The prospect of putting your work out to the world is intimidating, to say the least. How do you get over that feeling? In my honest opinion, you don’t. There were, however, a few factors that lent themselves to dealing with the pressure. The first being that you spend so much time working and re-working a project—be it a book or painting or video game code—that you arrive at the realization that because it’s yours, it’ll never be good enough. It didn’t take long to write the initial draft of my novel, but it took years to re-write, edit, add and subtract content. I soon realized that I will always find something I could do differently, whether for better or worse. You have to come to a point where you’re happy with your work and put it out there to be judged, nagging thoughts be damned.

“But what if what you wrote actually sucks?” you ask?

Well, to be perfectly honest, it might, but how are you supposed to know that it sucks if you don’t put it out there; if you don’t get feedback. I hope everyone who reads The Drive Home has something to say, good, bad, or ugly (hopefully not ugly). There’s no problem with constructive criticism. I love constructive criticism, hell, I thrive on it. How is my next book supposed to be any better than the last if no one tells me their brutally honest (FYI, brutal honesty is something I’m going to cover in another post) opinions? There is a difference, though, between constructive criticism and someone who just posts “this sucks” and nothing else. Screw those guys, but we’ll go ahead and address them too. The way we handle those people is what separates us from the rest of the pack. If someone gives you good feedback about a character or grammar issues, let ‘em know “Hey, thanks. I appreciate it and the next one won’t have that problem.” That will entice them to check out your next novel too and give you a reason to keep improving.

Those trolls, though. How do we deal with someone who just says “this sucks”? Confront them too. Say “Really? Any constructive criticism you can give me?” If they’re anyone who matters, they’ll give you something, and you win. If they don’t ever respond to your inquiry, people will see that you cared enough to find out how to improve your work and that the guy who said “this sucks” has no evidence to back up his claim, and you win anyway.

The moral of the story is growth. Gain the difficult ability to learn from your mistakes and you won’t care if you misspelled a word or your grammar is childish—well, you will care, but you’ll know how to use that to fuel your next endeavor. If your audience sees that you want to grow and you can tell a good story, they’ll want to enjoy the ride as they watch you grow from an amateur writer to a professional wordsmith. No matter how well you think you did on something, you never know how the public will respond to it. It’s how you take that input that really shows what kind of a writer or artists you really are. Which is why I encourage feedback. Even though I stand by and love every single word, comma, and semi-colon I wrote, that doesn’t mean I can’t do any better. Even if the world thinks it’s the greatest thing since the toaster; I can do better. I love the story of The Drive Home. It was fun to write, fun for me to read a million times, and I got to really know my characters. And as cheesy and irritating as it sounds, that really was all that mattered to me. Yeah, everyone wants to make a living doing what they love, but you can’t let the bullshit weigh you down. If you enjoy what you’re doing, then just…do that. I know that’s what I’m going to do. If you’ve got something constructive to say, say it. Give me the opportunity to outdo myself. I dare you.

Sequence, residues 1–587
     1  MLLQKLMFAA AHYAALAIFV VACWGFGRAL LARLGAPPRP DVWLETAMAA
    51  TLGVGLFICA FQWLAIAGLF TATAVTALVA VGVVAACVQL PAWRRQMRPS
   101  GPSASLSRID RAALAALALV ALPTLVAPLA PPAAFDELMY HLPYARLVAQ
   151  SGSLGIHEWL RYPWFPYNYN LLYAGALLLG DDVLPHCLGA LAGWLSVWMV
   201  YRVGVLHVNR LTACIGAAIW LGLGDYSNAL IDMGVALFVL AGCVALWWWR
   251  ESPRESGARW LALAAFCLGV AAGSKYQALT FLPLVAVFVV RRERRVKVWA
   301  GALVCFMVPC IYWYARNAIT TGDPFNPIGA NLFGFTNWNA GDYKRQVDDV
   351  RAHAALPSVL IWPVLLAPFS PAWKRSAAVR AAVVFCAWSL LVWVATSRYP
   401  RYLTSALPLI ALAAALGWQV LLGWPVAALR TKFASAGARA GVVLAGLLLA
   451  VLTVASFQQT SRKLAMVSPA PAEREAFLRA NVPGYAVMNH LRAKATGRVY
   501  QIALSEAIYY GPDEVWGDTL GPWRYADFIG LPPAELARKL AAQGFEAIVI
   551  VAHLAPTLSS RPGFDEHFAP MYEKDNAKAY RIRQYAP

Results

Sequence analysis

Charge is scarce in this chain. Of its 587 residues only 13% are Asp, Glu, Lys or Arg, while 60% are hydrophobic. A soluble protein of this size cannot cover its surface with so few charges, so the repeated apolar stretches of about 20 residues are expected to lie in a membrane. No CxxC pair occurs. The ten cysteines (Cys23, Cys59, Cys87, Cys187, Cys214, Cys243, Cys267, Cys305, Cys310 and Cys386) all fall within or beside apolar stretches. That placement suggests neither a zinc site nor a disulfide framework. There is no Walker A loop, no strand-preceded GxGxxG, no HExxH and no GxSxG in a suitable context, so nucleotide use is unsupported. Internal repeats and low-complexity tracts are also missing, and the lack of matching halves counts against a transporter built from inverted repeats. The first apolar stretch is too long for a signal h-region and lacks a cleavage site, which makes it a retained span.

Welcome to Sean K. Novels, a New Journey

Welcome, everyone, to the Sean K. Novels site. For those of you who know me, and some of you who don’t, you know that I recently published my debut novel: The Drive Home: A Tale of Bromance and Horror. With that release, I wanted to have an outlet to explore writing and the process of creating a novel. The title, Sean K. Novels, is a tag I’d used for social media (@seanknovels & facebook.com/seanknovels) and thought I’d continue with it as a  blog identity.

I began writing a blog some time ago TDH-FB-COVERtitled The New Writer’s Journey that I hoped to do something similar with, but lacked the experience or the focus to continue writing under that banner. Which is why I wanted to do something new; a clean slate to really focus on all things writing. Like things that I came across while writing my novel. Things like editing problems, interesting writing concepts or styles, character development ideas, and the creation of a physical novel itself.

With some of the posts I’ll be writing I hope to bring up topics that can give some insight to those looking to follow the same path as myself and countless other authors. There have been so many times during the creation process that I thought, “well, how do you do this?” So, I would Google search for hours trying to find answers. Hopefully, I can keep you from having to binge on Google with regards to certain subjects and keep you writing longer.

There is something you should all know, though. I have no degree or extended study in my fields. Not only will I be using this blog to explore writing and editing concepts, but I’ll be using this to help my writing grow as well. To grow in the scope of this blog, but to also continue growing as I work on my fiction writing and a storyteller. So, let’s walk this path together and grow as writers and creative thinkers.

With that, all I have to say is:

Cheers!

Sean K.